— at a ratio of 1,162 to 1 compared to the 500 to 1 ratio recommended by the National Association of School Psychologists — one organization is working to train another population that reaches children daily: pediatricians.
To date, the REACH Institute, a New York-based nonprofit organization, has trained more than 6,000 pediatricians and primary care providers in delivering scientifically proven mental health care, according to
Lisa Hunter Romanelli
, Ph.D., CEO of REACH and a licensed clinical psychologist.
“Unfortunately, the typical pediatrician, through medical school and their training, they don’t get a lot of training on mental health, but increasingly, because of the children’s mental health crisis, that’s where families are turning,” Hunter Romanelli told “GMA.” “So REACH’s training program aims to increase the knowledge and comfort of pediatricians so that they are able to to spot early signs of children’s mental health illness and manage and help those kids within the scope of their pediatric practices.”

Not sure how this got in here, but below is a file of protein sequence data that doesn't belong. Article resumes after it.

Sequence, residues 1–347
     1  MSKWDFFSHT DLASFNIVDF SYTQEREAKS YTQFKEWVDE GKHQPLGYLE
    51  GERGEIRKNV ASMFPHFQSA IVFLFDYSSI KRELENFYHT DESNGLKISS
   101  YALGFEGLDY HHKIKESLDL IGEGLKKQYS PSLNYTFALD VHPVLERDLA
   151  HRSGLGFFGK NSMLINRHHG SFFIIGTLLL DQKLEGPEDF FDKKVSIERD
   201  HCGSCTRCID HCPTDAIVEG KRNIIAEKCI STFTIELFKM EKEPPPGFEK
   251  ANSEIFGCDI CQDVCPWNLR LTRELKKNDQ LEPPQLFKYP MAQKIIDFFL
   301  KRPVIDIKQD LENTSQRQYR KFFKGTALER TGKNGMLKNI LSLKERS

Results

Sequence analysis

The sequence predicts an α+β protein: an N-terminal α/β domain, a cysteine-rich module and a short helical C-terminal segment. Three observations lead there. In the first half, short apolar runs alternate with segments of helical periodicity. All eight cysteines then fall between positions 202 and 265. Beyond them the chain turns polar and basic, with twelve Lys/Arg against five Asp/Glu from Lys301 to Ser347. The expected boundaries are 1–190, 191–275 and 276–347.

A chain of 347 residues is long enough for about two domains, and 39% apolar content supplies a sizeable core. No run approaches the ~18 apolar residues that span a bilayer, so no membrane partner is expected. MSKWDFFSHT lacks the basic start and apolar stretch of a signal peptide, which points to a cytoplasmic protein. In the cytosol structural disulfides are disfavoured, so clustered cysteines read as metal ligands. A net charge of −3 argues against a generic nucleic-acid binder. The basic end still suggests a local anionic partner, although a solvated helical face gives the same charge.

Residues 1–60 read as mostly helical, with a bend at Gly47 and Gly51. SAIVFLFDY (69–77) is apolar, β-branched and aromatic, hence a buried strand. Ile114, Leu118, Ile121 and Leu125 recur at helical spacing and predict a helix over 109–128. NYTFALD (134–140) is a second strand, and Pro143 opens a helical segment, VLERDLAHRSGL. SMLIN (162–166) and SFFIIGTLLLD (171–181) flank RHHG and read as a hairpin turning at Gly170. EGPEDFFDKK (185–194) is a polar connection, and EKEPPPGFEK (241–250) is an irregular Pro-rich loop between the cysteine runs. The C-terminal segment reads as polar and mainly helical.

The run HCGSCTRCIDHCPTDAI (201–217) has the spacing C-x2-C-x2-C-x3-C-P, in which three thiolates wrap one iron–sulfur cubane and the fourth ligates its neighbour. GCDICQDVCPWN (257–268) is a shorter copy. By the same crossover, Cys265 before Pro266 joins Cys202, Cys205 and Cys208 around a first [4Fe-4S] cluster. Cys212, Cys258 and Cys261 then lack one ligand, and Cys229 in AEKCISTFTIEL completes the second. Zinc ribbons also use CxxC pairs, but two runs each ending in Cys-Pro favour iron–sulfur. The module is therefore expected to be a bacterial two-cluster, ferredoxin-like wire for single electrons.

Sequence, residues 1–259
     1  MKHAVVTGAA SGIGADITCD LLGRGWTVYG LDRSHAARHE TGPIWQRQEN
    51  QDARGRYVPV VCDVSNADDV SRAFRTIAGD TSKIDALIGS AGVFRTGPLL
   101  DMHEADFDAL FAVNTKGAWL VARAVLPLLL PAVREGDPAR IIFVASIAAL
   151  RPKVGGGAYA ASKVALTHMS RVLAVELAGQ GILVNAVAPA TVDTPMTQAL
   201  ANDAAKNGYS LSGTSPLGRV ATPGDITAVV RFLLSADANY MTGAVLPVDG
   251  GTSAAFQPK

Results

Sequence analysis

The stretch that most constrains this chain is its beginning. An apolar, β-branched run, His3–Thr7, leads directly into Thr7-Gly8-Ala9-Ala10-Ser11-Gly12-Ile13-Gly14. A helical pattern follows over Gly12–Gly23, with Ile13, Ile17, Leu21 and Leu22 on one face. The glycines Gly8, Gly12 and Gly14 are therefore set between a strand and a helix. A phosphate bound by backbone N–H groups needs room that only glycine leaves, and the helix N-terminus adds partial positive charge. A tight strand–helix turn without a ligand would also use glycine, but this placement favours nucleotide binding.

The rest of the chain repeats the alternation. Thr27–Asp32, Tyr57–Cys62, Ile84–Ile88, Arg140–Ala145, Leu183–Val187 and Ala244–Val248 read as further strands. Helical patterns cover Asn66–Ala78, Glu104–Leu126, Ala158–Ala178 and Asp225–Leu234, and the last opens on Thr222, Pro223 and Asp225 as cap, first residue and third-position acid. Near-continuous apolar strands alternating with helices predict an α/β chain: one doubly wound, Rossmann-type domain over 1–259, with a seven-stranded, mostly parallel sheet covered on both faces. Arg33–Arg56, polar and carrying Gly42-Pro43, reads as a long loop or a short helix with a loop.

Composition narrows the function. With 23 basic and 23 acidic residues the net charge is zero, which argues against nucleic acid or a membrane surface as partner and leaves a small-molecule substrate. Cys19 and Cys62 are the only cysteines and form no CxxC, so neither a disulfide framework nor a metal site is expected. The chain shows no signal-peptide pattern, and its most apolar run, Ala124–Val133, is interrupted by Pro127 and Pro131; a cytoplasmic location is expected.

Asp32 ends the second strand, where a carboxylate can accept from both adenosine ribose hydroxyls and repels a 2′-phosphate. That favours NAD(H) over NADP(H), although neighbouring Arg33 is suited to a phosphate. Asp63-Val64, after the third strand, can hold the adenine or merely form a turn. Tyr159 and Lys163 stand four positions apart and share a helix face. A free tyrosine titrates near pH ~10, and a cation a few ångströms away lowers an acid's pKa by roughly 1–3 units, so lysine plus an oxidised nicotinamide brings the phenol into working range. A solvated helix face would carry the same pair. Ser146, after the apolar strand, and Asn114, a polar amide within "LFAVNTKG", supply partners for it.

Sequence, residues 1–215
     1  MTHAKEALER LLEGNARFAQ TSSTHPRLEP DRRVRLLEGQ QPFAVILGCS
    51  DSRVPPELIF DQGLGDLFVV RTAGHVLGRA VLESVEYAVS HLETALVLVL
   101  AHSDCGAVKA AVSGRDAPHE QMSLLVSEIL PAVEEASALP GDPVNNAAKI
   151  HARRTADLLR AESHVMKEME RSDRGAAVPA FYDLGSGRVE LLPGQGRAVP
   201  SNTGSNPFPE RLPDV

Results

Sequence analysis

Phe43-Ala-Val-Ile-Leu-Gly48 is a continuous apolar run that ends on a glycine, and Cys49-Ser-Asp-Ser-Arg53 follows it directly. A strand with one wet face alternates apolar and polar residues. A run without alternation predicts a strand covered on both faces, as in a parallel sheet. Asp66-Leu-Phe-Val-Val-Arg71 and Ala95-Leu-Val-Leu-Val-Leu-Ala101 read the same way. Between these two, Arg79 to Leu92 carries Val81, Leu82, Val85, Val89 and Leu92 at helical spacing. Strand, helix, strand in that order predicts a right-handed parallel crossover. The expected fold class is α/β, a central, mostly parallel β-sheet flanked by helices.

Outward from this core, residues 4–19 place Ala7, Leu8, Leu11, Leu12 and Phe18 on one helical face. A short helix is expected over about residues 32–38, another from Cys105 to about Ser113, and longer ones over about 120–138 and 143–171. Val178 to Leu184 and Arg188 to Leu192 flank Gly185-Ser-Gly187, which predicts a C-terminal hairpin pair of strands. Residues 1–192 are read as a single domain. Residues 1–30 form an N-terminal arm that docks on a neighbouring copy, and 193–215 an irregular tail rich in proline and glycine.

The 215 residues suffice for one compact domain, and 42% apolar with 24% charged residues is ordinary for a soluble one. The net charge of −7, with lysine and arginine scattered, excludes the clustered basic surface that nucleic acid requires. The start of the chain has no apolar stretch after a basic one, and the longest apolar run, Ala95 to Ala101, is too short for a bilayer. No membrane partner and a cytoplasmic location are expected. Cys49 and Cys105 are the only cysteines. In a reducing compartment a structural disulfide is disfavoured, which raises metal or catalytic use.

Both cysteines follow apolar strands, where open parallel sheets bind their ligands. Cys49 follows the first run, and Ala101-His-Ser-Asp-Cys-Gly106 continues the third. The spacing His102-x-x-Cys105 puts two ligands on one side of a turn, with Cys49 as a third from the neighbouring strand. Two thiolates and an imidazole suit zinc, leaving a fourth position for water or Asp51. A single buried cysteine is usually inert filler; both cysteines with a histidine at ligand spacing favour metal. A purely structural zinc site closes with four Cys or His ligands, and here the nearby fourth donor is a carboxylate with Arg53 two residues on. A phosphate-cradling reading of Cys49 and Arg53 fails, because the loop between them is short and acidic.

The scope of REACH’s training, according to Hunter Romanelli, extends from learning to identify mental health struggles in kids to treating them, whether by helping the patient and family learn different skills to alleviate symptoms or, if indicated, prescribing medication.
“We’re not trying to turn [pediatricians] into therapists,” Hunter Romanelli said, adding, “Our training empowers them to do something that they are already being asked to do and gives them more comfort and confidence in being able to help the kids in their practice.”
Hunter Romanelli said REACH, which is funded by donations as well as grants and fees for its training programs, estimates that training one pediatrician can help 250 kids with mental health issues, meaning the need is still great.
“Today, our impact has been that we’ve trained 6,000 pediatricians, which means they are helping 1.5 million kids, which is good, but there’s still a crisis,” Hunter Romanelli said. “We’d love to make sure that every pediatrician has gone through our training program because obviously that would make a dramatic impact on the number of kids to have access to to mental health services.”
Hunter Romanelli, as well as Prinstein and Gurwitch, stressed that there are steps parents can take to try to protect their child’s mental health.